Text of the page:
(a) The board shall create an evaluation design for unauthorized cannabis activity reduction grants that assesses the effectiveness of the grant programs in reducing crime related to unauthorized cannabis activity and increasing public knowledge of cannabis regulation. The evaluation shall incorporate, but is not limited to, all of the following:
(1) Number of executed search warrants for evidence of unauthorized cannabis activity.
(2) Number of pending or completed investigations into unauthorized cannabis activity.
(3) Number of homes or businesses inspected pursuant to laws or regulations related to cannabis activity.
(4) Number of letters sent to homes or businesses informing them of possible unauthorized cannabis activity.
(5) Number of cannabis plants seized or destroyed.
(6) Number of unlicensed cannabis operations shut down.
(7) Number of arrests for unauthorized cannabis activity.
(8) Amount of cash and equipment seized or destroyed from unauthorized cannabis activity.
(9) Amount of penalties assessed for unauthorized cannabis activity.
(10) Number of property liens for unauthorized cannabis activity.
(11) Amount spent on educating consumers about the differences between legal and illegal cannabis activity.
(12) Amount spent on training for personnel to establish or expand an enforcement program against unauthorized cannabis activity or for consumer education about the difference between licensed or legal cannabis activity and unlicensed or illegal cannabis activity.
(13) Amount spent on salaries and other personnel expenses related to unauthorized cannabis activity and increasing public knowledge of cannabis regulation.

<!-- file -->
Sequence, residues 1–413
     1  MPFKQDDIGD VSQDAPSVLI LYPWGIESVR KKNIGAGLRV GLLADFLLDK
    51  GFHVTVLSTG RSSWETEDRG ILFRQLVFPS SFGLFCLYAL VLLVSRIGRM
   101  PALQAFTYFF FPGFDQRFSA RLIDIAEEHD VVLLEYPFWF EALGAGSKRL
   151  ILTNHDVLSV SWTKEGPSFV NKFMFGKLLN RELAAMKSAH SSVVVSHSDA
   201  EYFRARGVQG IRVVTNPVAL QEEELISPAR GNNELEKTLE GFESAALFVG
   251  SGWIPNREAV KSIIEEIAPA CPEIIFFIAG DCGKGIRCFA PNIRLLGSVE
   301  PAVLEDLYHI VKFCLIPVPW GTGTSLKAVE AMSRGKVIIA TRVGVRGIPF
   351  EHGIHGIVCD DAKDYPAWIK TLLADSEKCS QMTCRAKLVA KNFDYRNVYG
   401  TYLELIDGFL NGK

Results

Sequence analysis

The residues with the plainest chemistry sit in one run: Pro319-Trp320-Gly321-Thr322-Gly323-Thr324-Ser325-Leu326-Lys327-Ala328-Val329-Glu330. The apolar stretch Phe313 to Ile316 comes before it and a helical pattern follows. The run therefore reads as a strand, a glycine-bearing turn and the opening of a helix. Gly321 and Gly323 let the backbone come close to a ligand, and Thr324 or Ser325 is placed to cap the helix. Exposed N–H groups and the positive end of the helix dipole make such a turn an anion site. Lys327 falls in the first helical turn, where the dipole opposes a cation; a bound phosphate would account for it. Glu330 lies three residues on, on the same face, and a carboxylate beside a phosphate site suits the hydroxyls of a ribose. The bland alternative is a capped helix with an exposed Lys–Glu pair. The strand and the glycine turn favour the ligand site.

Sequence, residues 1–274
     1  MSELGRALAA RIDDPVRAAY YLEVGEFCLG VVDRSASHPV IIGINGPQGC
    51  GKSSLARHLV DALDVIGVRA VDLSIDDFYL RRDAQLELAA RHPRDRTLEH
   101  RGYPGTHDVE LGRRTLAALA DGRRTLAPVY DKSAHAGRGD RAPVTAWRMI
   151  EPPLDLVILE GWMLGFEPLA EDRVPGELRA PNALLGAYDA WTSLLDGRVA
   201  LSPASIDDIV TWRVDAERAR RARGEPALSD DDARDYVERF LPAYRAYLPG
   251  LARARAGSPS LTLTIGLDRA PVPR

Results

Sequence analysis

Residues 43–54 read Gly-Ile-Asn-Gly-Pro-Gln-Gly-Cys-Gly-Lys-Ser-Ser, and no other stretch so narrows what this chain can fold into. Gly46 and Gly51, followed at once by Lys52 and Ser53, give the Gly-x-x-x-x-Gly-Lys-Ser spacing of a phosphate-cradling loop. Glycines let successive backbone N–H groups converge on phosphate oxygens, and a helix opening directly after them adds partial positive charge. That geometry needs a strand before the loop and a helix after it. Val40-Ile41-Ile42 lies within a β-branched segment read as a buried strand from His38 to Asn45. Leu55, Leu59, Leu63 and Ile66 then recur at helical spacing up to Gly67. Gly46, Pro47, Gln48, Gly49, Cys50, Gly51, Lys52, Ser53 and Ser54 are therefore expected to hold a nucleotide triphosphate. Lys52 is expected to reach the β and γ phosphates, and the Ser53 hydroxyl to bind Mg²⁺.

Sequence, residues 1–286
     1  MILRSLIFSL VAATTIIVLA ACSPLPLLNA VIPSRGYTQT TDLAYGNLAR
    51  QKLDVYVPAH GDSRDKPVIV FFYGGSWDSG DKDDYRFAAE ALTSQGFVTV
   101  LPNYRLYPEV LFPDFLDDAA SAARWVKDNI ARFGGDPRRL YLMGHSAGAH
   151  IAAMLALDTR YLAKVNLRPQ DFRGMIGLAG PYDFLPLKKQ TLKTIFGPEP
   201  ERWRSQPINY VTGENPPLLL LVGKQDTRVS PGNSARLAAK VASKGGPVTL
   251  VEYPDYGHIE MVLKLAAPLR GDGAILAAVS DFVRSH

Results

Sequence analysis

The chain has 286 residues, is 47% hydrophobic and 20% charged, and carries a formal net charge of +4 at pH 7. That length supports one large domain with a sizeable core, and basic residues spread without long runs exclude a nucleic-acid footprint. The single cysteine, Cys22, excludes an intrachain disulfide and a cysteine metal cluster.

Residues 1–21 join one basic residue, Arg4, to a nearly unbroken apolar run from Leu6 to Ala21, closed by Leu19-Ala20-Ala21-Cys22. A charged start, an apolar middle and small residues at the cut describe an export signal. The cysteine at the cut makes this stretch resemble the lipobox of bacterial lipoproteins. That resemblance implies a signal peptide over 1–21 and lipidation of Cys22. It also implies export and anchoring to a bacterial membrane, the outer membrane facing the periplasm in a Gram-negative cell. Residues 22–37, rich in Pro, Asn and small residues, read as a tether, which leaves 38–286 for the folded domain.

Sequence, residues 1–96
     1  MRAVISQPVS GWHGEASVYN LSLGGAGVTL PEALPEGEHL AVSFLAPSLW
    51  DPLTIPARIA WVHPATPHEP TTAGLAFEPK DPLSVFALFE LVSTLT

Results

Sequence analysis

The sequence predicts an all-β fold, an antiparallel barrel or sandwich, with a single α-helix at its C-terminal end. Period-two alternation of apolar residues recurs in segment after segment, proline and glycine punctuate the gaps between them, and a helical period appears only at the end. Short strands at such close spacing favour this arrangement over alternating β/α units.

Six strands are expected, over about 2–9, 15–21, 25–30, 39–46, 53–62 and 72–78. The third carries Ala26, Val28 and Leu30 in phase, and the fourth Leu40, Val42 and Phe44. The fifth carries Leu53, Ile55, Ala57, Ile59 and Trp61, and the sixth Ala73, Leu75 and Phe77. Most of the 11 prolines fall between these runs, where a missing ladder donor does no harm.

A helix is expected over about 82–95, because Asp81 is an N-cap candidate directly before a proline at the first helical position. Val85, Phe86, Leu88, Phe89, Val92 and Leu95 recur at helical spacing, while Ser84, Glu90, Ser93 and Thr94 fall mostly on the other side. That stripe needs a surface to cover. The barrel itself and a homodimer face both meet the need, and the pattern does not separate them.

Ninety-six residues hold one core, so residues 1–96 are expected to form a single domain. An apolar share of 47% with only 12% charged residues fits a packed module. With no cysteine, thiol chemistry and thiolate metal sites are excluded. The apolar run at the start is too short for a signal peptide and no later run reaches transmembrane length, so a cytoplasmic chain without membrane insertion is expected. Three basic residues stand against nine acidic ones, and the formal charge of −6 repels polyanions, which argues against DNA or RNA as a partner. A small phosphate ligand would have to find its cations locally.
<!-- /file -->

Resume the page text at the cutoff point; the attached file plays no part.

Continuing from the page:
(b) (1) Commencing January 1, 2022, and annually thereafter, the board shall submit a report to the Legislature based on the evaluation design required pursuant to subdivision (a).
(2) The reports required by paragraph (1) shall be submitted in compliance with Section 9795 of the Government Code.
(3) Pursuant to Section 10231.5 of the Government Code, this subdivision shall become inoperative as of January 1, 2025.

11624.
 The board may use up to 21/2 percent of the money appropriated for this program for administration of the grant program and the development of the evaluation component.

SEC. 3.

 The Legislature finds and declares that Section 1 of this act amending Section 26090 of the Business and Professions Code prevents illegal production or distribution of cannabis, preserves scarce law enforcement resources to prevent and prosecute violent crime, and allows local governments to ban nonmedical marijuana businesses, and thus, furthers the purposes and intent of the Control, Regulate and Tax Adult Use of Marijuana Act of 2016.